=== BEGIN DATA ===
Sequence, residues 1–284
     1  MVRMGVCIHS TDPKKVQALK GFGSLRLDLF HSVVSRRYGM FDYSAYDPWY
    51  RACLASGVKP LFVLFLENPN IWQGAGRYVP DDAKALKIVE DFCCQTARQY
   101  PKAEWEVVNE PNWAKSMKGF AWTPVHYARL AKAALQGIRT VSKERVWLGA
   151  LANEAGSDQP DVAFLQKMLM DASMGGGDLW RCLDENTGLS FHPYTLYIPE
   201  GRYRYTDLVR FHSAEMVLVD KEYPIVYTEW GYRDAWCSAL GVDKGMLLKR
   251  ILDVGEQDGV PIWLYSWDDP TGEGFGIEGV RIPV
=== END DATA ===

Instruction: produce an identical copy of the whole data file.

Sequence, residues 1–284
     1  MVRMGVCIHS TDPKKVQALK GFGSLRLDLF HSVVSRRYGM FDYSAYDPWY
    51  RACLASGVKP LFVLFLENPN IWQGAGRYVP DDAKALKIVE DFCCQTARQY
   101  PKAEWEVVNE PNWAKSMKGF AWTPVHYARL AKAALQGIRT VSKERVWLGA
   151  LANEAGSDQP DVAFLQKMLM DASMGGGDLW RCLDENTGLS FHPYTLYIPE
   201  GRYRYTDLVR FHSAEMVLVD KEYPIVYTEW GYRDAWCSAL GVDKGMLLKR
   251  ILDVGEQDGV PIWLYSWDDP TGEGFGIEGV RIPV